Becoming a new Dad is both exciting and scary. While your partner may well have a hospital bag that seems to contain everything you could possibly need, there are some things you’ll need to see you through labour and delivery. Below we’ll describe everything you’ll need for your new Dad hospital bag.
New Dad Hospital Bag Essential Number One – Snacks!
Labour can go on for days, and while we hope it won’t, you need to be prepared for the possibility. I’m sure you’ve seen on films and TV that the minute the Dad leaves the delivery room, the baby comes. While that isn’t a real life “thing” your partner probably still won’t be keen on you wondering off to find food. By packing some healthy snacks, you can stay with your partner, without starving.
Good Hospital Snacks for Dad
This is a list of fairly healthy snacks to help you keep your energy up during labour. Avoid high sugar foods as your partner needs you focussed, not dealing with a sugar crash!
- Trail Mix
- Granola bars
- Dry cereal
- Protein bars
- Nuts (as long as there are no allergies)
- Baked crisps
Drink Options for Dad’s Hospital Bag
Staying hydrated is really important so a reusable water bottle is going to be an essential part of any new Dad’s hospital bag. You might also consider packing some of the following for an emergency energy hit.
- Energy Drink
- Iced Coffee
- Coca Cola
- Hot coffee in a flask if you have time to make it
Things to Pass the Time
You might be surprised to hear this but the early stages of labour are boring, really boring. While I don’t advocate ignoring your partner if they feel up to engaging with you, it’s good to take a few distractions in your hospital bag. These can be things you can do alone, and things you can do with your partner if they are bored too. If they have an epidural so aren’t feeling much pain they might want some entertainment. My poor husband wished he’d taken more things to entertain himself as I went totally into myself during labour and barely spoke for hours!
Dad’s Hospital Bag Entertainment Suggestions
- A Book – Ask your partner if they’ve packed one too, something light you can dip in and out of is best
- An Audiobook – You’ll want to discuss this one with your partner but listening to an audiobook together can pass the time for both of you in a way that doesn’t require much effort
- Magazines – Magazines are great because you can skim read them and just read a short article while your partner is resting
- Kindle – If you have a Kindle you can download a salection of both books and magazines
- A pack of cards – If you and your partner enjoy card games then pop a pack of playing cards in your hospital bag
- Puzzles – A puzzle book with something like sudoku that you can do alone or crosswords that you can do together is useful
- Trivia Questions – Challenge each other to answer general knowledge questions to pass the time
- Handheld Games Console – You’ll definitely want to discuss this with your partner first as they might feel this is a distraction too far but its worth considering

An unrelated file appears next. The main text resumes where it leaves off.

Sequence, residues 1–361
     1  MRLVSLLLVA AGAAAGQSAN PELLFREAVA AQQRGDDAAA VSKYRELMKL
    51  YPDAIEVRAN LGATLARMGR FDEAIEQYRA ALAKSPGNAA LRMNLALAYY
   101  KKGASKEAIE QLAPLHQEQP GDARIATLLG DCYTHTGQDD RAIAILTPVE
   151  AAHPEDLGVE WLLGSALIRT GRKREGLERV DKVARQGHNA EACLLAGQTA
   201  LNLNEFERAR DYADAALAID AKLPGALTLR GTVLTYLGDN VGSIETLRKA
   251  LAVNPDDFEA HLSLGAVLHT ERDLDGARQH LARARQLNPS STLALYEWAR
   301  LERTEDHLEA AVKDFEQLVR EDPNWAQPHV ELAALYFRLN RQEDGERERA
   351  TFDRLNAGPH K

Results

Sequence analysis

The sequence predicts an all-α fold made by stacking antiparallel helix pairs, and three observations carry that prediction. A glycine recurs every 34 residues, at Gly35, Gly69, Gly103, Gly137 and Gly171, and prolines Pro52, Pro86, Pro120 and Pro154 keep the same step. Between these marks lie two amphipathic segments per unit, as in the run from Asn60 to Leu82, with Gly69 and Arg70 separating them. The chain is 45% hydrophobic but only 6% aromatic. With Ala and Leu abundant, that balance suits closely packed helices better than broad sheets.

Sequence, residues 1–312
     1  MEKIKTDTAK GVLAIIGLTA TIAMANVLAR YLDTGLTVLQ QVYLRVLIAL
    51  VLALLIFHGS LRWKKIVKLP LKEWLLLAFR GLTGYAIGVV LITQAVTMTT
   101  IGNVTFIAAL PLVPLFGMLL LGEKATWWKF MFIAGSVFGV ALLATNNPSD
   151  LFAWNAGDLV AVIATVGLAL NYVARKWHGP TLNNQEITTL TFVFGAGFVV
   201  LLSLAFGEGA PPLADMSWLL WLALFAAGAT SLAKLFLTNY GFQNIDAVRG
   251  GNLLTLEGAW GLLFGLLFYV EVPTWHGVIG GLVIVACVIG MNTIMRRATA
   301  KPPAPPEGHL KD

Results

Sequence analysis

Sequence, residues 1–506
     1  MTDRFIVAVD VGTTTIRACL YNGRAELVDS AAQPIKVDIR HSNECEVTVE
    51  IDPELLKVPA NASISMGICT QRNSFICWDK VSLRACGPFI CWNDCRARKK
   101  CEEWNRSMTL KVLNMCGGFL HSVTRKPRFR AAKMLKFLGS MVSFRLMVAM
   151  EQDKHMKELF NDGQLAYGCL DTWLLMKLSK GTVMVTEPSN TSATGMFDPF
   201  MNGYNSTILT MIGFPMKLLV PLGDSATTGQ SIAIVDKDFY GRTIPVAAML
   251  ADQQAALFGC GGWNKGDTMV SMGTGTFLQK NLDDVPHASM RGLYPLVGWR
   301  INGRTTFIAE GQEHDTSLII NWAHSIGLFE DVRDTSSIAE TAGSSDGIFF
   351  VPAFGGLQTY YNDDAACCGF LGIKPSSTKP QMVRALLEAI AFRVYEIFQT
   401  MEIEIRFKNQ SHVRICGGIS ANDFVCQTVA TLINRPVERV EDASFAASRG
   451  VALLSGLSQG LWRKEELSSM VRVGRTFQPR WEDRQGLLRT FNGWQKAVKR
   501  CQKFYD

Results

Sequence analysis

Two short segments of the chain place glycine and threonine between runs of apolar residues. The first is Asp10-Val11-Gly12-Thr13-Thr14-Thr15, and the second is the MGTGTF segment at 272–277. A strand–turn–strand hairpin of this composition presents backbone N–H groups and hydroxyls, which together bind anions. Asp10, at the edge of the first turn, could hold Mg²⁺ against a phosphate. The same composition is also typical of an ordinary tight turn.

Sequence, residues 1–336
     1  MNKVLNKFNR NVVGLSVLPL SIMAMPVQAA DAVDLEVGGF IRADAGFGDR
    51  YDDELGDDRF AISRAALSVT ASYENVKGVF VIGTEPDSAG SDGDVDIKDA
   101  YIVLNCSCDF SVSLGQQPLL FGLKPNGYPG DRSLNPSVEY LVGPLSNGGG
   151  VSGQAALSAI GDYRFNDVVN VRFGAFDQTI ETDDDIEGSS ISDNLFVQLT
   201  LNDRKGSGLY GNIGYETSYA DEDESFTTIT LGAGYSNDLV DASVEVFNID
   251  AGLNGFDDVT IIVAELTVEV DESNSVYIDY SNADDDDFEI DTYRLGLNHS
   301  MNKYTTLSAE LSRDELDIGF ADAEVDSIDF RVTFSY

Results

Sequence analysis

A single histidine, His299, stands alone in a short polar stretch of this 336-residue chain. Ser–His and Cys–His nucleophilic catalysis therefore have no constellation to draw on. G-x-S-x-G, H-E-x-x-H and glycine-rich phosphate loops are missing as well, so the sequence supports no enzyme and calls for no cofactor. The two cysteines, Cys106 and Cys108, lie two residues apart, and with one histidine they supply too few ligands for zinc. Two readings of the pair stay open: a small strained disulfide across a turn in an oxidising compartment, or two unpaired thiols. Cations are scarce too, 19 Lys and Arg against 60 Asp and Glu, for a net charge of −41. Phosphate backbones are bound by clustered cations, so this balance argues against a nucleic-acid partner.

- A Speaker – If you and your partner want to listen to music during labour then a standalone speaker will give you better quality sound than playing music through your phone speaker
Bits and Pieces to Include in a New Dad Hospital Bag
These are things that will likely come in handy during the long hours at the hospital.
Things to Pack to Keep you Comfortable
- Inflatable neck pillow – This will help to make you more comfortable if you nap in a chair
- Lip balm – The heat in hospital rooms make this very useful
- Tissues – I’m not saying you’ll cry when you become a new Dad, but I’m not saying you won’t!
- Things to keep your breath fresh – As you might be at the hospital for a long time, a travel size toothpaste and toothbrush is useful, or at least some breath mints
- Deodorant – for the comfort of those around you more than your own!
Practical Items to Pack in Your Hospital
- Change for the car park – or if payment is via an app, make sure you have the right app downloaded and your card details saved on it
- Change for the vending machine – While you will hopefully avoid this by taking snacks, it’s best to have a pack up plan
- Contact numbers – Make sure you have contact numbers for all the people you’ll want to tell when the baby is born, either in your phone or on paper
- A phone charger – As you never know when you’ll have to go to the hospital and if your phone will be charged at that moment, make sure you pack a phone charger and ideally an emergency power pack so that you can charge it even if there are no sockets available in the hospital room
- Medication – Pack any medication you take regularly along with some basics like painkillers, don’t forget contact lenses if you wear them
Other useful Items
- If your partner has a birth plan, ask for a copy of it, while she’s in pain she will need you to advocate for her so make sure you’re familiar with the birth plan and have a copy to refer to
- If you haven’t chosen a name, take your lists of possible names with you, when the baby is born you can refer to it
- Cameras – If you have a digital camera or a video camera and would like better quality results than your phone will give you then you’ll want to pack these